One of the main objectives is to develop a modeling system consisting of a three-dimensional circulation model, a sand-silt sediment transport model, and a wave model. The prediction system will use mapping technology, allowing users to generate curvilinear and orthogonal grids for a suite of models. Automated assimilation methods will be integrated into the system to provide means of handling open boundary conditions for coupling with larger scale models, data for initializing the model, and surface forcing of different types. Turbidity, current, temperature, salinity, and directional wave measurements are collected for model validation.

To support NGLI efforts, it is necessary to evaluate the wave models suitable for shallow water simulation and to develop an operational forecasting wave model. This report documents a wave data collection effort conducted during September 1 through 14, 2000 and evaluates the associated post-collection wave hindcasting using the following wave models:
  • WAM (Wave Model)
  • SWAN (Simulation of Waves in Nearshore Areas Model)
  • STWAVE (Steady State Wave Model) Additionally, wind speed and direction estimates from the COAMPS (Coupled Ocean/Atmosphere Mesoscale Prediction System) atmospheric model, used to drive all wave models, are compared to corresponding National Data Buoy Center (NDBC) wind measurements.

Validating wind and wave data were acquired from two operational NDBC buoys and an experimental NDBC buoy deployed for NGLI. Data were also collected from a Sea-Bird wave recorder (SBE26) and a small, directional wave measurement buoy from Neptune Sciences, Inc. These data are evaluated against corresponding NDBC data to examine the effectiveness of these instruments for relatively low cost data collection during later stages of the NGLI. This report focuses on the statistical errors of model estimates of significant wave height Hmo, average wave period Tavg, average wave direction θavg, wind speed U, and wind direction θU valid at the location of three NDBC directional wave buoys.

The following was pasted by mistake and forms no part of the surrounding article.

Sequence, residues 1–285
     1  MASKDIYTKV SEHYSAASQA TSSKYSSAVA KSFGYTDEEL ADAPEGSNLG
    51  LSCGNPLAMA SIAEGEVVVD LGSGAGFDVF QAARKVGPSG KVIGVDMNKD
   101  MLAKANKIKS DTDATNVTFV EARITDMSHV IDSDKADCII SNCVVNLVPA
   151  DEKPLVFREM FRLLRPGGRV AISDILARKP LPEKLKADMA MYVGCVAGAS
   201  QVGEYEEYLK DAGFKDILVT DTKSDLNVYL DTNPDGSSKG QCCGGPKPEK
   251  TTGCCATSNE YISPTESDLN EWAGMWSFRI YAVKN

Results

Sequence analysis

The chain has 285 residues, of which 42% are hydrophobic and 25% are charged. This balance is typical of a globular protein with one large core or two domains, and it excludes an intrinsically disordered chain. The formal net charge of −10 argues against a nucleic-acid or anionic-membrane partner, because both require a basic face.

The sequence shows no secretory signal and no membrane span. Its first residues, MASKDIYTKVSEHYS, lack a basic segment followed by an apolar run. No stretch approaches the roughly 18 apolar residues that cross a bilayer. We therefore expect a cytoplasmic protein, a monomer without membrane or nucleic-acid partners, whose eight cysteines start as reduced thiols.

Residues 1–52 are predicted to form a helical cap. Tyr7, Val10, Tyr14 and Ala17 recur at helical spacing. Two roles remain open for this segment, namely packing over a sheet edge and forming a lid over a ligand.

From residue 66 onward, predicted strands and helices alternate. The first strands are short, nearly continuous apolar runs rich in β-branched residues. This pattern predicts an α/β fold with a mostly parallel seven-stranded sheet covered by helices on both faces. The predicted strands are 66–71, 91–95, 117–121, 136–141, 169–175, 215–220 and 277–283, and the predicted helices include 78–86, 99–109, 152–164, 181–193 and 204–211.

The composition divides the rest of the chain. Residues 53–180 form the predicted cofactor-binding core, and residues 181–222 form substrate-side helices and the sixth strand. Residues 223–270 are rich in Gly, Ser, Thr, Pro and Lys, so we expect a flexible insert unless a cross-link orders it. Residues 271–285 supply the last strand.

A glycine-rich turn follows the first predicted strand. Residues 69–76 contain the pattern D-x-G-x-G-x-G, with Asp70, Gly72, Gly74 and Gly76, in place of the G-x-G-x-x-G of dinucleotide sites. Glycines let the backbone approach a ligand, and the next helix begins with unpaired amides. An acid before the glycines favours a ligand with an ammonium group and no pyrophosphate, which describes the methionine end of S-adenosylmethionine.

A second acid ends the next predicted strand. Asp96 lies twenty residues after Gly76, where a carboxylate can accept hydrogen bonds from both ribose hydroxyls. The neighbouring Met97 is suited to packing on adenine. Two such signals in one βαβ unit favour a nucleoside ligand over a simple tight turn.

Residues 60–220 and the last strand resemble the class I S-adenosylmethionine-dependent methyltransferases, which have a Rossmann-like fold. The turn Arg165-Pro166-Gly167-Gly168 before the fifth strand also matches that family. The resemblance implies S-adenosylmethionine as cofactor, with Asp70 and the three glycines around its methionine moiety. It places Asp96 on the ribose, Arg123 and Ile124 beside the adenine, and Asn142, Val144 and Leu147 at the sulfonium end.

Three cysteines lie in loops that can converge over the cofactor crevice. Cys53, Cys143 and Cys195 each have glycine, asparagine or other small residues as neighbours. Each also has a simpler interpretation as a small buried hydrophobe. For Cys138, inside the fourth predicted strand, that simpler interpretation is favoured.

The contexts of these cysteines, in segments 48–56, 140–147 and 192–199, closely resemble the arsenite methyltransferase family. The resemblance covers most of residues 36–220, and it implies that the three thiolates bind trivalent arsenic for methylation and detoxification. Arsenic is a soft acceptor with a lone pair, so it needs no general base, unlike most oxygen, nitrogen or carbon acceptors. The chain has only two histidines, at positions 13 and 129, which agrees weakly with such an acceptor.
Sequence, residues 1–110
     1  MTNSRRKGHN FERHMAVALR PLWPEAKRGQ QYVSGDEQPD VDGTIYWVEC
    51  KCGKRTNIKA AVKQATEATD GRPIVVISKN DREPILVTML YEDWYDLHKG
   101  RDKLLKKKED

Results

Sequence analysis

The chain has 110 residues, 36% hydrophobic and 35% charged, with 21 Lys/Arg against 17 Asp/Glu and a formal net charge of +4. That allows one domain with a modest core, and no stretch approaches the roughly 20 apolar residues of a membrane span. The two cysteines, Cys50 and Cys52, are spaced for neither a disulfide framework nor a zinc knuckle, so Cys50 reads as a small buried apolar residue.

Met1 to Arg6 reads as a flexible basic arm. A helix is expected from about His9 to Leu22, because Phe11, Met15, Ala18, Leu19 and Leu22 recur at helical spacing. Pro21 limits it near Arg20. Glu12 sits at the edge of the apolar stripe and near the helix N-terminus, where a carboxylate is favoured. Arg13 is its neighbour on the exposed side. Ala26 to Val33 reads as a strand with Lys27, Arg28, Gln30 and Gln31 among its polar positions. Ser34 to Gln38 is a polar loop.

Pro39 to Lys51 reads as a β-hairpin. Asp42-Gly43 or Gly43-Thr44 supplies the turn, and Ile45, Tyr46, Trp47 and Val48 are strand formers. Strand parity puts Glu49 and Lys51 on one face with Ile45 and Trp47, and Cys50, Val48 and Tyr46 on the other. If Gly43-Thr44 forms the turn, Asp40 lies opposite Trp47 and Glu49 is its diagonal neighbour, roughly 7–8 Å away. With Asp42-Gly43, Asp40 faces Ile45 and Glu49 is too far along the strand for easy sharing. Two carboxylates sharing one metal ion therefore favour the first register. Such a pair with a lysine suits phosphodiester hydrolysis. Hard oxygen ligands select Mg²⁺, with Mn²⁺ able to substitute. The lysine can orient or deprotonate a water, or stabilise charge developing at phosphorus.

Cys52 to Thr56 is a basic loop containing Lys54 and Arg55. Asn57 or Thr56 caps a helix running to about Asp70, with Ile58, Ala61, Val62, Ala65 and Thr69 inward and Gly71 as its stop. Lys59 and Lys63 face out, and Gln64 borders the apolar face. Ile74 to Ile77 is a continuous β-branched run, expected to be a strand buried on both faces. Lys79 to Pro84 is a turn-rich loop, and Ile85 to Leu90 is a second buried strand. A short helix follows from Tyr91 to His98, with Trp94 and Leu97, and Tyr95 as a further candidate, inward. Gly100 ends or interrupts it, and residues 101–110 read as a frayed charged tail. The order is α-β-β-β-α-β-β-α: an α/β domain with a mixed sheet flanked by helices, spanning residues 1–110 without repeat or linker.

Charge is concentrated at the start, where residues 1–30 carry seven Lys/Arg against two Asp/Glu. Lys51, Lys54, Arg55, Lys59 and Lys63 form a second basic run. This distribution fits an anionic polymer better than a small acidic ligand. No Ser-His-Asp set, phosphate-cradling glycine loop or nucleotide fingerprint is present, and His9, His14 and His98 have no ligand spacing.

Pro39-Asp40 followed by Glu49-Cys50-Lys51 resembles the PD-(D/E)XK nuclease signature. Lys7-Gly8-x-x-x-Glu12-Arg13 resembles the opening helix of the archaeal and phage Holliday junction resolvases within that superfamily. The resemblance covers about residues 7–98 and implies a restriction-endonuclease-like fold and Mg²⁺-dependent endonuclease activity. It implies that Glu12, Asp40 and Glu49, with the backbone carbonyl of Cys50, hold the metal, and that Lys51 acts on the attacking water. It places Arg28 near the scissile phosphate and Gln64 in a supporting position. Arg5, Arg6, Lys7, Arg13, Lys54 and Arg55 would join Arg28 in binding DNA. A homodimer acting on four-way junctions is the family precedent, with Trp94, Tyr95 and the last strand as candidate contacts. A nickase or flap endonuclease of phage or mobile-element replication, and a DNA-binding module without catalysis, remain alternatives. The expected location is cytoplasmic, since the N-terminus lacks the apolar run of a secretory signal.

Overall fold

We show that the COAMPS model provides highly accurate wind Manuscript approved July 1, 2002.

2 Hsu et al estimates and WAM provides good wave boundary conditions. The SWAN model provides relatively higher wave hindcasting skill than that from the STWAVE model. 2. OVERVIEW OF MODELS This section gives an overview of the models used in the validation study. The cited references give detailed descriptions of the models. 2.1 COAMPS COAMPS represents an analysis-nowcast and short-term forecast tool applicable for any given region of the earth. COAMPS includes an atmospheric data assimilation system comprised of data quality control, analysis, initialization, and nonhydrostatic atmospheric model components and a choice of two hydrostatic ocean models (Hodur and Doyle 1998).

Observations from aircraft, ships, and satellites are blended with the first-guess fields to generate the current analysis. The atmospheric model uses nested grids to achieve highresolution for a given area and contains parameterizations for subgrid scale mixing, cumulus parameterization, radiation, and explicit moist physics. On the mesoscale, it has frequently provided better surface wind prediction than the other wind models.